MAGICS Instruments makes electronics operate in radioactive environments
KU Leuven/SCK CEN partnership: From pioneering research to spin-off
MAGICS Instruments was formed in late October 2015 as a spin-off company of the KU Leuven and the Belgian Nuclear Reseach Centre (SCK CEN) and continues to build on seven years of research in both institutions. MAGICS Instruments has developed advanced technology to ensure that electronic devices can still function under exceptionally strong radiation (e.g. in space or the nuclear sector).
Exposure to radiation reduces the lifespan of electronics. MAGICS Instruments has developed chips which are highly resistant to radioactive radiation and other electromagnetic radiation of over 1 Mega Gray . MAGICS Instruments chips continue to function reliably in high radiation environments up to a thousand times longer. The pioneering technology from MAGICS Instruments also offers unprecedented opportunities for the use of electronics for interventions during nuclear accidents, nuclear reactor inspections, dismantling of old nuclear power plants, disposal of radioactive waste, space travel missions, and new nuclear developments such as nuclear fusion or the MYRRHA research reactor.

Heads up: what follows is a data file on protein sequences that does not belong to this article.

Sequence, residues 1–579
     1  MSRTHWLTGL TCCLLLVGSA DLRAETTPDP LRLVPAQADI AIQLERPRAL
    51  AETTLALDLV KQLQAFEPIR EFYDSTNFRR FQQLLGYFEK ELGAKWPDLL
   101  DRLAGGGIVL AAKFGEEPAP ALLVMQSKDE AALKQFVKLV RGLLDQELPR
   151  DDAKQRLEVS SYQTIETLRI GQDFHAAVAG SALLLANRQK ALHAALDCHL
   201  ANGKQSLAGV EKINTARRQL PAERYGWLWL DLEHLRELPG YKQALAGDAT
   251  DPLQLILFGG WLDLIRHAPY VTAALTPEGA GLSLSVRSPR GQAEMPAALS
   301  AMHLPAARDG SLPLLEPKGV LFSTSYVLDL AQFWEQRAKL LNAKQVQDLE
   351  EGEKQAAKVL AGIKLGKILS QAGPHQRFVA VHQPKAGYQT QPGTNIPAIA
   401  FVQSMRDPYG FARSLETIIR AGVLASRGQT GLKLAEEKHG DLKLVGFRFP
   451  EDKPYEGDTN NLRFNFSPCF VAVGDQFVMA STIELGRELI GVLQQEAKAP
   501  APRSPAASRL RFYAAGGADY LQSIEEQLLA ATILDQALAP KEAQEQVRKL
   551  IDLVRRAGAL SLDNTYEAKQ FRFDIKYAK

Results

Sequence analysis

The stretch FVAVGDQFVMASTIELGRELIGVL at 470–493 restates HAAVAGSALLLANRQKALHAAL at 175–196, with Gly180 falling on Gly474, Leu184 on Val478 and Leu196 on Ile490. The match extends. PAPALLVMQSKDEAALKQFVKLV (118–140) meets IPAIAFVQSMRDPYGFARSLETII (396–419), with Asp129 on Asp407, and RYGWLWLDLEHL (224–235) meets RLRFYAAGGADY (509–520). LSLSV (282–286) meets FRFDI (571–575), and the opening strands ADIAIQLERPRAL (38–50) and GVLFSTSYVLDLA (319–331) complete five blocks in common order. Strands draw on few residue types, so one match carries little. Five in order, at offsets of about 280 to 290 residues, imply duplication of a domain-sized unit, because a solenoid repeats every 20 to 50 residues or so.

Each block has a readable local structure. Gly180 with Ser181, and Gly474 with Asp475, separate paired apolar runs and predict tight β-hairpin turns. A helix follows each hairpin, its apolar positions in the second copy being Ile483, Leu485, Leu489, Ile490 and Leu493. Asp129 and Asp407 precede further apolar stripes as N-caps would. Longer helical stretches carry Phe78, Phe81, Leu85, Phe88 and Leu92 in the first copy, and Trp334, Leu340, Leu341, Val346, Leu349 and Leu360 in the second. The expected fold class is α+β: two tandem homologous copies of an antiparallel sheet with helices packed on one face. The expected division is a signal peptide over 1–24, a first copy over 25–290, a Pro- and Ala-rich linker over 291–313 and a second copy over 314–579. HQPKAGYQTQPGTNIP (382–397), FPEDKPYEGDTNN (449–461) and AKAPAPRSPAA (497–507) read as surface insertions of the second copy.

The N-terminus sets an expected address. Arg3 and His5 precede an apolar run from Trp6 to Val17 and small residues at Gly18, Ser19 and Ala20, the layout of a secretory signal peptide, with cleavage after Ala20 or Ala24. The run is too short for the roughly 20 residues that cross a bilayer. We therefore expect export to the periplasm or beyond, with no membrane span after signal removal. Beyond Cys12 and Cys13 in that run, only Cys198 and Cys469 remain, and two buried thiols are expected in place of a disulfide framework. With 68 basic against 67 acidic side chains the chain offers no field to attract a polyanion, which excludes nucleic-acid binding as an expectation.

‘MAGICS Instruments is the missing link between the semi-conductor industry and the nuclear industry,’ says joint founder Jens Verbeeck, CEO of MAGICS Instruments. ‘Our technology has proved itself on several occasions during assignments from nuclear companies and opens the door to a whole range of electronic applications in nuclear environments. Our chips make it possible to deploy robots and inspection tools in nuclear power plants to carry out operations which involve risk to people’s lives. In case of nuclear disasters such as in Fukushima, our technology also offers tremendous added value.’
The development of a chip with high radiation resistance opens up many commercial opportunities. In the medium to long term, MAGICS Instruments is aiming to offer total solutions for specific nuclear applications, such as the dismantling of nuclear power plants and the management of nuclear waste. ‘It is our ambition to launch not only electronic components, but also integrated recording modules on the market,’ says CEO Jens Verbeeck.
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Since 2008, the founders of MAGICS Instruments, Jens Verbeeck and Ying Cao, have built up their knowledge, especially for the development of the MYRRHA reactor, under the guidance of professors Paul Leroux and Michiel Steyaert (Department of Electronics at the KU Leuven) and Wouter de Cock and Ludo Vermeeren (Instrumentation and Control Research unit of SCK CEN). The founders of the spin-off and researchers from SCK CEN have developed the drafts for testing the chips with extremely high doses of gamma radiation.